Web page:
Why I enjoy working with CoSeC: Busting the myth of all work and no play
13 Jul 2022



Dr. Chin Yong, Senior Computational Scientist in the Computational Science and Engineering Division shares how his keen interest in video games led to a career in computational science.

Malaysian man Dr Chin Yong



​Since I was a child I have always been fascinated with science, a curiosity that has constantly driven me to pursue an understanding of how nature behaves to achieve its intended functions and purposes. The job of a scientist is to carry out a series of         ​procedures to investigate these ideas, that is what we call 'conducting an experiment'. Traditionally, many experiments were carried out by making use of some real materials that often involved the use of toxic chemicals with some sort of equipment and, quite often, waste products were generated which were detrimental to the environment. Additionally, there are some questions that simply can't be answered by experiments because the experiments themselves are currently impossible, e.g. measuring the temperature at the Earth's core. Other experiments can't provide all of the information required to answer a problem because, for example, it's impossible to probe a material at the level of detail required.

A​n alternative way to do an experiment is to carry it out virtually by making use of computers to simulate models of interests. Indeed, from a young age I have been fascinated with 'all things simulations'. During my high school and graduate studies, I liked to play computer video games such as: SimCity, SimFarm, SimTower and even SimLife (image below). As these game titles suggest, each game sets a virtual platform of different scenarios – a city, a farm, a tower and an imaginary ecological world respectively, where the player can create, build, grow and modify, to see how these model platforms react to these changes.


SimLife: A video game to simulate an ecosystem. Image copyright Maxis Game and Electronics Arts under Fair Use terms.

As my interests in simulations grew, I began to take an interest in learning computer coding. This is because coding enabled me to better control the model I created and maximise my ability to play with it. Perhaps the first simulation that I managed to create was Conway's Game of Life [1] written in Java program code. Basically, the Game of Life simulates the life of a 'computer organism' or a cell based on some predefined rules, which dictate whether it will disappear (dies), remain (lives) or, a new cell appears (births) from one cycle to the next. By starting from a number of cells and depending on their arrangements, the cell colony may thrive or perish during each and subsequent cycles. I modified the classic version to include different rules, colour-coded the cells to indicate their age of survival and even included the second cell colony that behaved with a different set of rules. At that point, I realised I could control the predator-prey behaviour and with it held life and its preservation at the tips of my fingers, all without the use of actual animals!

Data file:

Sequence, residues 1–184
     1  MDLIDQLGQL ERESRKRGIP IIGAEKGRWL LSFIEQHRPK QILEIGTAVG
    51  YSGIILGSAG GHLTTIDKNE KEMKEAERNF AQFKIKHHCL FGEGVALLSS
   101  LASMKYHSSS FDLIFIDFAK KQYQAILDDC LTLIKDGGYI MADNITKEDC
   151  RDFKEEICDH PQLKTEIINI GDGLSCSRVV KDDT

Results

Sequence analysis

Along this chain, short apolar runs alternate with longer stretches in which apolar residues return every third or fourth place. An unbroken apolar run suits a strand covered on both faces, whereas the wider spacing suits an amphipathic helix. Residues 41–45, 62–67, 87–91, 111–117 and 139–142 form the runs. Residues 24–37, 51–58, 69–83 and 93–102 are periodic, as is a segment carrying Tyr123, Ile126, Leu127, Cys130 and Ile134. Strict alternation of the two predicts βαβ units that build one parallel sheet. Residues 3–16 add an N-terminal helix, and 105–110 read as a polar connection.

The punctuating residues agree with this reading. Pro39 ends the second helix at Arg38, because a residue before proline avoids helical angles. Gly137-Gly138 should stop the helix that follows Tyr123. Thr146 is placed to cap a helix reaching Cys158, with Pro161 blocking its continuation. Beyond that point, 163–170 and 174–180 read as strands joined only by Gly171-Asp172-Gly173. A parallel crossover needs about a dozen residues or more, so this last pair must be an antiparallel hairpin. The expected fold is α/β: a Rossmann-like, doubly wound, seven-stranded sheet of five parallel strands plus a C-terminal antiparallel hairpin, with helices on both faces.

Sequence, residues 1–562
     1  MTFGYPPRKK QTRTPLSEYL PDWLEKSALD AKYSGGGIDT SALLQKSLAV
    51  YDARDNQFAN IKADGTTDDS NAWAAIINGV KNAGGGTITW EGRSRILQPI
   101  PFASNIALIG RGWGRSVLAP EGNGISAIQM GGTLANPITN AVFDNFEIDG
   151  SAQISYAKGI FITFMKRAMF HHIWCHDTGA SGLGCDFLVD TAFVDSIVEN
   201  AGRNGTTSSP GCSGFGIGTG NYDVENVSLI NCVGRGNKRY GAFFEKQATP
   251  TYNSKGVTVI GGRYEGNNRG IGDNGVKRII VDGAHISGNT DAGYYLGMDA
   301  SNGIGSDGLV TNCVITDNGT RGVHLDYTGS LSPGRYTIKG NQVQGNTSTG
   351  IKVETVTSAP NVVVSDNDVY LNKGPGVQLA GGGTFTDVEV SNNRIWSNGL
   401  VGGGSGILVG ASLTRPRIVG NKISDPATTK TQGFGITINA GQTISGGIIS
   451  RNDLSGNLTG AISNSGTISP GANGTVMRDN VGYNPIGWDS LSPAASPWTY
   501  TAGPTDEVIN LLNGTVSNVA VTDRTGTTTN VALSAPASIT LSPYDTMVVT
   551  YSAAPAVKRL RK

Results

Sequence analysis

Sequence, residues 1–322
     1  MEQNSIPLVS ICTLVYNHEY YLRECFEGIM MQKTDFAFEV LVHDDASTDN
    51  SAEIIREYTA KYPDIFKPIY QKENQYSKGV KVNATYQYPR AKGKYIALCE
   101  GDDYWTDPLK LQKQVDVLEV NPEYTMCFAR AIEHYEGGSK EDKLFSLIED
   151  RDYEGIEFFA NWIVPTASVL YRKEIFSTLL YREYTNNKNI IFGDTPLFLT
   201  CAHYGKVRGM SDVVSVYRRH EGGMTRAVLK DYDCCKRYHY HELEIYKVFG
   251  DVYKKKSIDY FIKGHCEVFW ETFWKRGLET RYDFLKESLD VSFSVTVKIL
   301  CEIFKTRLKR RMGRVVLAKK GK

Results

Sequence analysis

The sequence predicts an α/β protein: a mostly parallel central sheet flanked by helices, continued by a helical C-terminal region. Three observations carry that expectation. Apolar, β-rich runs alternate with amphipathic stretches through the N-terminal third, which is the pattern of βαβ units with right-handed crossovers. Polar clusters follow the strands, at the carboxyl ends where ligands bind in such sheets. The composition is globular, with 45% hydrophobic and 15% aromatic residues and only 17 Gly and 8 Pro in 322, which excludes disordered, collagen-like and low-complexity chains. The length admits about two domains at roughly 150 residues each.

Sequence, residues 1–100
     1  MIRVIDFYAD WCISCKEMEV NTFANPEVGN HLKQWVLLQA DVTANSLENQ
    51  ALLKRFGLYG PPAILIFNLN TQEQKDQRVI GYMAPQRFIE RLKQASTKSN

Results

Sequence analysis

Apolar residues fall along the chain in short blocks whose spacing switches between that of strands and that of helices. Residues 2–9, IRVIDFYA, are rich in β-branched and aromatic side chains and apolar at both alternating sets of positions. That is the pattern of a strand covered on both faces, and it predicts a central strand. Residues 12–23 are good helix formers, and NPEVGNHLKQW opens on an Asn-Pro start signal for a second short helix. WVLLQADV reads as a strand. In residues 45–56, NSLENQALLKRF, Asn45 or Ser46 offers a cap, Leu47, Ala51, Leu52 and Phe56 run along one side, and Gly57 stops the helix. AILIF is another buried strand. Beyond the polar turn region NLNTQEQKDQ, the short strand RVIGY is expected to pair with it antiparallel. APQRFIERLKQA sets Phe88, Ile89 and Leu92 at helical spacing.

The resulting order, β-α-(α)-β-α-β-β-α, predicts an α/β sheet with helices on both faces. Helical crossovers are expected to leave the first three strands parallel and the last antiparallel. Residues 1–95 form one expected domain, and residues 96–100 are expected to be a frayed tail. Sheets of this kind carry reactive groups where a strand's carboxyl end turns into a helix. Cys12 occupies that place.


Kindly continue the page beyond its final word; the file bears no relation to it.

​     Gospers_glider_gun.gif

An image snapshot of cell colony configuration in Game of Life.

Fast forward to today, I am fortunate that I could translate my passion into a real job. I specialised in the use of computers to model and investigate properties of molecules. Just like in the Game of Life, I can 'create' and 'engineer' any molecules that I deem interesting and then carry out a series of simulation experiments to investigate their properties in different conditions. The idea is to provide insights to make real materials that are made up those real molecules to achieve an intended purpose for real use.

I also write software codes that enable other fellow scientists to carry out such experiments. I also train and meet young researchers from different universities to provide scientific software support and advice in areas related to molecular modelling. I also sometimes collaborate with them and discuss real science problems on a range of topics. For instance, how do water molecules make a natural silk so strong [2]? Can the growth of cystic fibrosis in lungs be stopped [3]? How can cheap cellulose materials be used as a means to store clean fuels like hydrogen [4]?

​I can only achieve these activities via CoSeC. It not only enables me to continue to express my passions and ambitions but it also provides a friendly and collaborative platform to enrich PhD students' and postdocs' research skills and learning experiences. Little could I ever imagine that the virtual Game of Life that I developed and played with could be transformed into a real life with a meaningful mission, which is, together with my fellow Community (cell) members, to investigate science in order to achieve a thriving and prosperous Society (Colony)!


[1] https://en.wikipedia.org/wiki/Conway%27s_Game_of_Life

[2] M. J. Haskew et. al. 'Atomistic Simulation of Water Incorporation and Mobility in Bombyx mori Silk Fibroin, ACS Omega 6, 35494-35504 (2021)

[3] O. J. Hills, el. al. 'Atomic‑scale interactions between quorum sensing autoinducer molecules and the mucoid P. aeruginosa exopolysaccharide matrix', Scientific Reports 12:7724 (2022)

[4] M. R. Stalker et. al. 'Molecular simulation of hydrogen storage and transport in cellulose', Mol. Sim. 47 170-179 (2021)

Contact: Geatches, Dawn (STFC,DL,SC)